Endoscopic sinus surgery is a surgical treatment that uses small cameras (endoscopes) that allow a surgeon to see inside the nose and, using small instruments, remove the inflamed tissue and bones of the sinuses. This helps to improve sinus function by:
- removing inflamed tissue
- improving ventilation in the sinuses
- allowing for medications to reach the sinus cavity
Sinus surgery is not a cure for sinus disease, but works in conjunction with medications to control sinus inflammation and infection.
Surgery is done in an operating room under a general aesthetic. An image guided machine is used to help better identify a patients anatomy, reduce complications and allow for a more complete and safer surgery.
What conditions are being treated?
- Chronic rhinosinusitis with or without nasal polyps
- Recurrent acute sinus infections
- Nasal and sinus tumors
- Complications of acute sinus infections
What are the benefits of sinus surgery?
- Improved nasal breathing
- Reduced nasal discharge
- Fewer and less severe sinus infections
- Improved sleeping and quality of life
- Snoring may improve
- Improved well-being, less fatigue
- Improved control of asthma
- Possibly improved sense of smell
- Improved control of allergies
What is sinus surgery not helpful for?
- Sinus headaches
- Sinus pain and pressure may not improve
- Post-nasal drip/ phlegm may not improve
- Ear pain/pressure, eustachian tube dysfunction
What are the risks of sinus surgery?
Listed below are potential complications of sinus surgery. It is difficult to give exact percentages of the potential complications as these can vary based on the complexity of a person’s anatomy, extent of sinus disease and history of previous surgery. All efforts are made to ensure your safety and care before, during and after surgery.
- CSF/ brain fluid leak
- injury to the internal carotid artery
- double vision (temporary or permanent)
- need for revision surgery
- scar band formation
- sinus opening closure / stenosis/ scarring
- decreased or loss of sense of smell
- obstruction/ injury to the lacrimal (tear duct) system
- bruising around or behind the eye
- post-operative nose bleed (may require transfusion)
- post-operative infection
- mucous crusting in the nose
- lateralization of the middle turbinate
- post-operative infections
- post-operative nasal sensitivity
- worsening or development of facial pain/ pressure and headache
- nasal septal perforation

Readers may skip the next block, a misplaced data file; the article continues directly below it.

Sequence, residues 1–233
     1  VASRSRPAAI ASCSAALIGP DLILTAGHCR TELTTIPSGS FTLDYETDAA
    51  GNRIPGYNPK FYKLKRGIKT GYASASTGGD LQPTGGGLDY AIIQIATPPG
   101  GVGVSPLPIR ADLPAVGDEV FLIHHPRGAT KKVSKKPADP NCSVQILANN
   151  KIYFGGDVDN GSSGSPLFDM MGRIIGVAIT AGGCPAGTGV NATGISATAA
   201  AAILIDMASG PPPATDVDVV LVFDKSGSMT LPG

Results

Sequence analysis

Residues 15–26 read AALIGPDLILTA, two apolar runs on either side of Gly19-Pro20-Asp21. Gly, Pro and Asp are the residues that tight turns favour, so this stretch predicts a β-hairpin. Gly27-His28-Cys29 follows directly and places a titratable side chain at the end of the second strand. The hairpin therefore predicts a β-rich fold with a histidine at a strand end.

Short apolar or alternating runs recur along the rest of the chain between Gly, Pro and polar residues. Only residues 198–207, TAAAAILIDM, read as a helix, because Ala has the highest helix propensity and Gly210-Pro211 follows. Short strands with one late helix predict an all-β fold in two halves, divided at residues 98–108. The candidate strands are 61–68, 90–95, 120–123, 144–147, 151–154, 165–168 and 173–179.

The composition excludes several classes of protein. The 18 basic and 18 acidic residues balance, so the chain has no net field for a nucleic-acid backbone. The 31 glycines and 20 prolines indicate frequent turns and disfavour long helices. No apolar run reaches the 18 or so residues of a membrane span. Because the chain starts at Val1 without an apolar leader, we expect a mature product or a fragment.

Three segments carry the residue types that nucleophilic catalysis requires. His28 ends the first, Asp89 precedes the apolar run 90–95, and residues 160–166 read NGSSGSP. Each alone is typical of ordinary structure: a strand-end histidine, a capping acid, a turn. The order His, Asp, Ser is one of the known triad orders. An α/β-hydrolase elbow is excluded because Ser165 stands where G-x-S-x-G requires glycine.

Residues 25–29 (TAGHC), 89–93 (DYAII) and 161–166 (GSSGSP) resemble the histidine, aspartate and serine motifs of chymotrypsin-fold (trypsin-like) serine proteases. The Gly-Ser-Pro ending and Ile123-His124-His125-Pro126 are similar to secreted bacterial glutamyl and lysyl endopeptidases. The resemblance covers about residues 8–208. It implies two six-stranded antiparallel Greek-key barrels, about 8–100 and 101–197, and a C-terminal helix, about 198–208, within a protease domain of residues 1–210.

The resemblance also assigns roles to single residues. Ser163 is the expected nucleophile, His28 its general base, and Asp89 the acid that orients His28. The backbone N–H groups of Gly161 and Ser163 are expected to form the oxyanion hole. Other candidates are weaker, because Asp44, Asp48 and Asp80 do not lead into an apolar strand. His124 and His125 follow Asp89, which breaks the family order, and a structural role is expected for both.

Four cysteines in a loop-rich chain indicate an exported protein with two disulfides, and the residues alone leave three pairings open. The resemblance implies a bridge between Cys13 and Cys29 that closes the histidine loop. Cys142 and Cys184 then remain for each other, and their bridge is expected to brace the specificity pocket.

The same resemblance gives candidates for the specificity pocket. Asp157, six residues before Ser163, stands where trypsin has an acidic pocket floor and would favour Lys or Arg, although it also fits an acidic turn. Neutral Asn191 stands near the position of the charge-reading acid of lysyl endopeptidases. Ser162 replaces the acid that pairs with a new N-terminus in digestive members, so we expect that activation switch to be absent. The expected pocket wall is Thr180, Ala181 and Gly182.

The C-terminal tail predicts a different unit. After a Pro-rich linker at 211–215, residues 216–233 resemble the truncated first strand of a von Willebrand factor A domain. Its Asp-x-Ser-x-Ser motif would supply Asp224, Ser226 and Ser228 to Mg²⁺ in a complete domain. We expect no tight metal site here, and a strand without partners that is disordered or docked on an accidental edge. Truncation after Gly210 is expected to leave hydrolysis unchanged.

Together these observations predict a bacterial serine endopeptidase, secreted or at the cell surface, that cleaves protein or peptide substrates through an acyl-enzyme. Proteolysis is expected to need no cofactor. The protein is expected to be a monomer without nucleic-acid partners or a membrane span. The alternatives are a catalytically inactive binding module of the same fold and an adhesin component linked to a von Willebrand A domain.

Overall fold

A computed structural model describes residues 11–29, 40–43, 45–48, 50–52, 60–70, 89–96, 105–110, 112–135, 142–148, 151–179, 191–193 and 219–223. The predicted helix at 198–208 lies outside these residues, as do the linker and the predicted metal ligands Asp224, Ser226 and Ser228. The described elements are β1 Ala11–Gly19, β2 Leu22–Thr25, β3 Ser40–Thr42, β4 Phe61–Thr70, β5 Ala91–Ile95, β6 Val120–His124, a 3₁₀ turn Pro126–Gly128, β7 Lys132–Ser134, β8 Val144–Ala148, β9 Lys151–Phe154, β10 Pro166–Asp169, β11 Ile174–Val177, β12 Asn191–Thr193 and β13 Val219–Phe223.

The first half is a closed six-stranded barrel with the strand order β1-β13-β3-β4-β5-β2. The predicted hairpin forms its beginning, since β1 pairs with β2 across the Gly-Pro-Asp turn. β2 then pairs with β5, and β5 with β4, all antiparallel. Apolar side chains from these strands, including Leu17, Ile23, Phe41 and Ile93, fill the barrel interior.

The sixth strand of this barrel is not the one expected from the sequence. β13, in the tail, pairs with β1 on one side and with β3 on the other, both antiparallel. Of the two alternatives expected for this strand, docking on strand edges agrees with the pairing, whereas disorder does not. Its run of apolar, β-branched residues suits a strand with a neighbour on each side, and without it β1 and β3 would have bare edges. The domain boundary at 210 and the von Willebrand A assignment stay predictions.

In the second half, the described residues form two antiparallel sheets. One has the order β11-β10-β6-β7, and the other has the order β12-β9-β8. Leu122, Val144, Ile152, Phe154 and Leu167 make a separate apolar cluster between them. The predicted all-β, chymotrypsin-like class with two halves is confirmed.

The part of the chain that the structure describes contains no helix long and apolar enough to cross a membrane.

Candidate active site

- fatigue, nausea and vomiting
- worsening of asthma and breathing problems
What are the alternatives to surgery?
- Sinusitis and nasal polyps may be treated with nasal saline rinses, nasal steroids, repeated course of oral corticosteroids and antibiotics
- Polyps may be removed in the office with a topical anesthetic however, they will recur quickly without having the sinuses completely opened.
What must you do before surgery?
- Review all information given to you before surgery and contact Dr. Mechor’s office if you have any questions or concerns
- Start medications as prescribed before surgery
- Stop ASA or blood thinners 5 days before surgery unless told otherwise by Dr. Mechor’s office
- Avoid smoking 1 week before surgery
- Ensure you have a Neilmed Sinus Rinses bottle and kit to start using the day after surgery
What should you expect after surgery?
It is important that you follow all instructions from Dr. Mechor’s office to avoid complications and improve healing.
- You may feel nauseated and tired after surgery. It is not uncommon for patients to throw-up.
- It is normal to have some bleeding after surgery. If you have heavy bleeding that does not stop or clot, please call the office or go to your nearest Emergency Room.
- Start Neilmed sinus rinses the morning after surgery. You will continue to rinses for months, if not indefinitely, after surgery.
- You can shower and eat normally after surgery
- Avoid heavy lifting and strenuous activity for 2 weeks after surgery
- You may gently blow your nose and sneeze with your mouth open
What symptoms should you be concerned about?
- High fever and/ or severe chills
- Severe facial pain or headaches, swelling
- Eye swelling or bruising, double vision
- Heavy bleeding that does not stop or clot